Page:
The biggest surprise of this process occurred when I was researching PC gaming. PC gaming is the least publicised of all gaming platforms – since the majority, if not all, of PC games are sold online via distributors like Steam, Origin etc. It was the platform I had to research most; I found it the most interesting of all my options.

Like the Switch and the PS4, PC gaming allowed me to access games I already loved. I was already loyal to The Sims 3, so I could easily upgrade to The Sims 4. Similarly, games that have recently been released for the Switch, were also available on Steam, such as Little Nightmares and Night in the Woods. I could try Stardew Valley, Slime Rancher, Life is Strange 2, Pinstripe, and more. A PC would give me access to many games I already favoured.

I found that the most appealing aspect about a PC was its customisability. I could get the cheapest, standard PC and it would still support the majority of the games I wanted. Then, I could use different inputs (like an Xbox controller or mouse/keyboard) whilst having the option to upgrade the PC as my interests evolved. Plus, I could watch Netflix and write essays on it too. Admittedly, this would all eventually cost me more as I stock up on hardware, but as a student, getting a PC would realistically be the best short-term financial option: the most affordable PC’s with a sufficient graphics card, memory, and processor for me starts around £250 whilst the consoles I’ve mentioned similarly start at £250 (as of the end of 2018 when I was making this decision).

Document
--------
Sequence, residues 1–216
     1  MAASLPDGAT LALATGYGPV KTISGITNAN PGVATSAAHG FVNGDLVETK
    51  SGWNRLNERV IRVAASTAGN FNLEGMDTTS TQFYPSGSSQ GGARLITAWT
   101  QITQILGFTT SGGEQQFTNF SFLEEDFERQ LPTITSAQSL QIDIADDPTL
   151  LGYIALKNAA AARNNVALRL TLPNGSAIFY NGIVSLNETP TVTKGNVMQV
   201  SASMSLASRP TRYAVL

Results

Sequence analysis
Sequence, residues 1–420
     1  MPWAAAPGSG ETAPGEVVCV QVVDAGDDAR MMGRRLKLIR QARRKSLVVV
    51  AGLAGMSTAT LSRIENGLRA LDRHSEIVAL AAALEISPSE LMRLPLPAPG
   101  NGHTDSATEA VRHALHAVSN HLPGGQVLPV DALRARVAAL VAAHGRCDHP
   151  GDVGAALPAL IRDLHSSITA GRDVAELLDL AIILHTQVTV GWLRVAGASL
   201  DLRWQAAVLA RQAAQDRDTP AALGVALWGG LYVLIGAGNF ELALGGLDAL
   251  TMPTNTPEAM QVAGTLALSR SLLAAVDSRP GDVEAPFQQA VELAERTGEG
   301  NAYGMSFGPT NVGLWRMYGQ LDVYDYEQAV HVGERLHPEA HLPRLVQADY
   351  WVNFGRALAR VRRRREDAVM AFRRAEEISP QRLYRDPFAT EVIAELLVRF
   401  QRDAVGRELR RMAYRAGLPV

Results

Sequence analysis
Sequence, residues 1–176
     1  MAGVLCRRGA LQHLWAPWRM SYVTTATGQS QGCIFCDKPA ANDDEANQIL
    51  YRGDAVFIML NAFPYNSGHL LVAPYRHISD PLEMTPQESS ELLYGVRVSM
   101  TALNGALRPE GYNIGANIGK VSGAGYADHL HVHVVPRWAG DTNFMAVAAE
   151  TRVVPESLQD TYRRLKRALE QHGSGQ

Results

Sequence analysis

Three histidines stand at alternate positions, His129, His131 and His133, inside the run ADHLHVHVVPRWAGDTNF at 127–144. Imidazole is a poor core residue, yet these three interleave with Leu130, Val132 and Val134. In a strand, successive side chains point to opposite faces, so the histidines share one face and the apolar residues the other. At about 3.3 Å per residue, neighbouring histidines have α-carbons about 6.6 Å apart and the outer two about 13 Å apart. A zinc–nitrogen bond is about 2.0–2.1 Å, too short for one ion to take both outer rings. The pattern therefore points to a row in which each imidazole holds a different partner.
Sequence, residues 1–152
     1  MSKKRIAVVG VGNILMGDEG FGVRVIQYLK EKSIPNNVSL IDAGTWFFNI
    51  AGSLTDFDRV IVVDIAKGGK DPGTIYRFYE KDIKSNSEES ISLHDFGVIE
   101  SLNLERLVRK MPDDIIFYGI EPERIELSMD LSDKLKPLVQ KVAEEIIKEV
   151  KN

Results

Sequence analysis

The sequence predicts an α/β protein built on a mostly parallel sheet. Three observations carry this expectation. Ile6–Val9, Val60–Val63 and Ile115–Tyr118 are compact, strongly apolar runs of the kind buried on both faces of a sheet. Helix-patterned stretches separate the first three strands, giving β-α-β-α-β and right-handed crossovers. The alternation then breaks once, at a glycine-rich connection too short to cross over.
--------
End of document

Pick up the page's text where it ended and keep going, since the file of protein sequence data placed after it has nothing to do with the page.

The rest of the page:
By the end of this process, I found that all I really wanted was to play the games I liked and get the most out of one purchase, as any scrimping student would. Getting a PC was the outstanding option for me. I mean, if I could, I would absolutely get each of these consoles!

I am completely happy with my low-spec PC tower. It’s not a ‘gaming PC’, it can’t support large game files or open world games without a painfully low frame rate, but I can experience the indie games I love so much first hand whilst learning more about gaming. It’s my perfect gaming stepping-stone.